In any ministry, but especially in youth ministry, there is a tendency towards discouragement. We set biblical goals and we work hard, expecting that God will bless our ministries and at times we see our work as basically fruitless. I think what we need is a new perspective—a biblical one. Patricia from Baja Mexico writes in with the following concerns:
I work with 5 teenagers between the ages of 13 and 17. It has been hard to get them going because, though all of them say they believe in God, none of them want to read the Bible by themselves. We have tried games and activities to motivate them. My goal is to encourage them to read the Bible. I believe that I have a good relationship with them. When they attend, they learn and they enjoy. However, it is a problem for the parents to get them out of bed and none of them are motivated. They worked well when we made a play about the birth of Jesus, but, that has been the only time they had initiative. Do you have any advice? I pray and do my best but still worry that I’m not accomplishing my goal.
What she is experiencing is very typical. She has a desire to see her five teens grow in their walk with the Lord, but cannot get them motivated. James had a way of dealing with this. He writes, “…faith by itself, if it does not have works, is dead” (James 2.17). As people profess Christ, but do not exhibit the fruits of service, James deduces that their faith is, in fact, dead. These are not simply immature Christians, which need nurtured, but they are not really Christians at all if they have no desire to serve Jesus Christ as Lord.
What is needed is a return to the essentials of the faith. Instead of pursuing maturity, pursue salvation. I recommend studying exegetically through one of the gospels—that is passage by passage or verse by verse. Teach the teens about the depravity of the people in the story. Teach them about the righteousness of Christ. Teach repeatedly how His sacrifice provides atonement for sins. And most of all teach that salvation (escaping from punishment of hell) is by grace (Jesus’ death on the cross) through faith (faith which results in a servant’s heart towards Christ) (Ephesians 2.8).
Certainly there are many lessons in the gospels which are not directly related to salvation, but I like the gospels for this sort of study because the main character is Jesus. As a note: teach the full breadth of the passage, not just the message of salvation, but realize that there is always an implicit reference to salvation in the gospels because Jesus came to save. So you can teach the edifying message and make it evangelistic at the same time. You can look at my ‘Walk with Christ’ study to see how I do this.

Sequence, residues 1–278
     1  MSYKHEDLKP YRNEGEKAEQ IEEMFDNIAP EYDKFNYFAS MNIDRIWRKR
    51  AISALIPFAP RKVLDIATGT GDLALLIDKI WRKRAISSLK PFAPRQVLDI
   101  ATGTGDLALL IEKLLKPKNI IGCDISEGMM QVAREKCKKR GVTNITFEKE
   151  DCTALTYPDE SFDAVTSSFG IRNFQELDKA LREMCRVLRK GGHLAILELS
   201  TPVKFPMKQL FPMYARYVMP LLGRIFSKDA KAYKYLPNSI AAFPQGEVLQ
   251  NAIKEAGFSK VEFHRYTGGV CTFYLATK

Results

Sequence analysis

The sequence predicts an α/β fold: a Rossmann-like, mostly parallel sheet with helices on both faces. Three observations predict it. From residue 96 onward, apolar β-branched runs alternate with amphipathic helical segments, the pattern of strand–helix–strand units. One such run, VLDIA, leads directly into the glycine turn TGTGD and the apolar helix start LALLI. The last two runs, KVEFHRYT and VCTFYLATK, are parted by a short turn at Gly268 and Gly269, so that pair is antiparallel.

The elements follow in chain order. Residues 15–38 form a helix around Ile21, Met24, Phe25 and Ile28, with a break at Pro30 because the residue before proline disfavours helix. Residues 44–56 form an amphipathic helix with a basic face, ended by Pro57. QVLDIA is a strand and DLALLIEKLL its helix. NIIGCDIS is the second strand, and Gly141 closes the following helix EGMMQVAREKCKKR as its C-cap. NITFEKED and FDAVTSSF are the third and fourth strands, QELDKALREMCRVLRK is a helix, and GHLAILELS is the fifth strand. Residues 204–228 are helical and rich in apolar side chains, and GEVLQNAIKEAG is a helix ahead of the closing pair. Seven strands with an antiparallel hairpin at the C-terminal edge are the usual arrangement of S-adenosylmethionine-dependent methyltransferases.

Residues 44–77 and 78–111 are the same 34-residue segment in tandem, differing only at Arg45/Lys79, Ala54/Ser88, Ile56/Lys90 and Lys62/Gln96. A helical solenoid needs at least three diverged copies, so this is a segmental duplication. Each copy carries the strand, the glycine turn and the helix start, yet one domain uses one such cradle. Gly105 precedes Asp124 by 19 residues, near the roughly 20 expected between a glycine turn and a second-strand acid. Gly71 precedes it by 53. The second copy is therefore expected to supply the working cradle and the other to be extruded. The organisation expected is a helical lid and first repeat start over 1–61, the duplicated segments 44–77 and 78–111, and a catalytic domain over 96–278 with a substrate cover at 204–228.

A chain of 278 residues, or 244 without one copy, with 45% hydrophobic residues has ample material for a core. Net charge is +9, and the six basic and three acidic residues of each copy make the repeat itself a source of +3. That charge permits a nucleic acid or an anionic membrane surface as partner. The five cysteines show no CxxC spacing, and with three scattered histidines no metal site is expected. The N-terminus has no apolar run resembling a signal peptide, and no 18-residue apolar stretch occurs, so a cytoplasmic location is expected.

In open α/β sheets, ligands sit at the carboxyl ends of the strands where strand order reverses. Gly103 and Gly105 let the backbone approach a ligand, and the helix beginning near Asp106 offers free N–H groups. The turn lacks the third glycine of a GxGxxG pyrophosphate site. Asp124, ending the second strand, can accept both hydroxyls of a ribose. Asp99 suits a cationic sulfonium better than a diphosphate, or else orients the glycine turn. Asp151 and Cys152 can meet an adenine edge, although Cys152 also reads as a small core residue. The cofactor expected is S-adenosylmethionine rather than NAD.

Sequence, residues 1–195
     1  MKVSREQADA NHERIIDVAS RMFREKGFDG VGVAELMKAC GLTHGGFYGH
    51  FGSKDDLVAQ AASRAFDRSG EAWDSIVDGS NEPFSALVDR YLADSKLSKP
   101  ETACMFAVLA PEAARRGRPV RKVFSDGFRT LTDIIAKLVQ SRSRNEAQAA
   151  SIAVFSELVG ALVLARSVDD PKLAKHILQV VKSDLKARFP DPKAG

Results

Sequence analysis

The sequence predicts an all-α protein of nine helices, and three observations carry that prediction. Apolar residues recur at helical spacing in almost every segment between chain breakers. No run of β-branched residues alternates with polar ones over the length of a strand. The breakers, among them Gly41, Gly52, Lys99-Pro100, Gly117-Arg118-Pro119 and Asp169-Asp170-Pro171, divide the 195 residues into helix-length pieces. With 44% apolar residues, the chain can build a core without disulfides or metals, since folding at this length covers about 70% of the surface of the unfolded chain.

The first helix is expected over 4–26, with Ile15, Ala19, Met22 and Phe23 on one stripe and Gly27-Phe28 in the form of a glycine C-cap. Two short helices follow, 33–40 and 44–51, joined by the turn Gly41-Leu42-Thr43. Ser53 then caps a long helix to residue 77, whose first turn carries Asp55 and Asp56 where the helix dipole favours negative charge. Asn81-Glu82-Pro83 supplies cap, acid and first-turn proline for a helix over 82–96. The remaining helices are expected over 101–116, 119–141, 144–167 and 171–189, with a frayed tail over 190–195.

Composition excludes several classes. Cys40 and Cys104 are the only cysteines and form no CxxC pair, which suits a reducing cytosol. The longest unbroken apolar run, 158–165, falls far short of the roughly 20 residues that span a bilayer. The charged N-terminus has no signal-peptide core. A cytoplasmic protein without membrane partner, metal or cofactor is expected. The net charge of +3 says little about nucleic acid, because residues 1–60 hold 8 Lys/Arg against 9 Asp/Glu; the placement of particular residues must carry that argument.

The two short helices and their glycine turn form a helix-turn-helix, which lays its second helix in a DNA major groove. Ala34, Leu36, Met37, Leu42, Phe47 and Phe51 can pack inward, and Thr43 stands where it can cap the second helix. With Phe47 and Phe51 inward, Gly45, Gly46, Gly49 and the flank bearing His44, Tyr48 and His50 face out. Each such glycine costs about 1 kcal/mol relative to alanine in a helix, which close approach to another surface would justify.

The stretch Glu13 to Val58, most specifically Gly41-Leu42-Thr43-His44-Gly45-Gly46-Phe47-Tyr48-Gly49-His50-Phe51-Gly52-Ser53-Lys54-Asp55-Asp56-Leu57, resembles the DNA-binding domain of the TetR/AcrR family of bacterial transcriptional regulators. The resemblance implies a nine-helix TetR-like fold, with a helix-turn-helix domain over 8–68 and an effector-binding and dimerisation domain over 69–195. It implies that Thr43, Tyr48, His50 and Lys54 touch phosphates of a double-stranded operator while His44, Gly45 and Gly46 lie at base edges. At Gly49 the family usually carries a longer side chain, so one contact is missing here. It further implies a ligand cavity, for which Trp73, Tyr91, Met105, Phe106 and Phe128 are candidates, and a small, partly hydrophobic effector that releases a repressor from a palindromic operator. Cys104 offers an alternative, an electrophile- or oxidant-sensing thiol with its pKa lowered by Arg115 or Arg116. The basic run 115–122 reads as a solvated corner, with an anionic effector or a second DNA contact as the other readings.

I mentioned earlier a perspective change. Often times we are concerned with our own goals for ministry. We need to realize that our goals are not necessarily God’s goals. Many times we teach and our message falls on deaf ears. But, we must remember that God is the Lord of the Harvest (Matthew 9.38) and He alone will bring fruit where He desires. We cannot make our teens react to God’s word; it is the Spirit that moves within them to bring them to repentance and to sanctify them. So, the reaction of our youth is not a direct reflection of our efforts. In fact, it appears that Patricia is doing exactly what she needs to be doing with her teens.
At the end of the day we keep praying as Patricia does, thanking God for the work that He is going to do in His timing and we keep doing what He has called us to do, faithfully teaching the Word. My prayer for Patricia and for all of you leading youth ministries is that you will be encouraged by God’s word, that you will remain zealous for His truth and that your ministries will be affected in God’s timing by your efforts.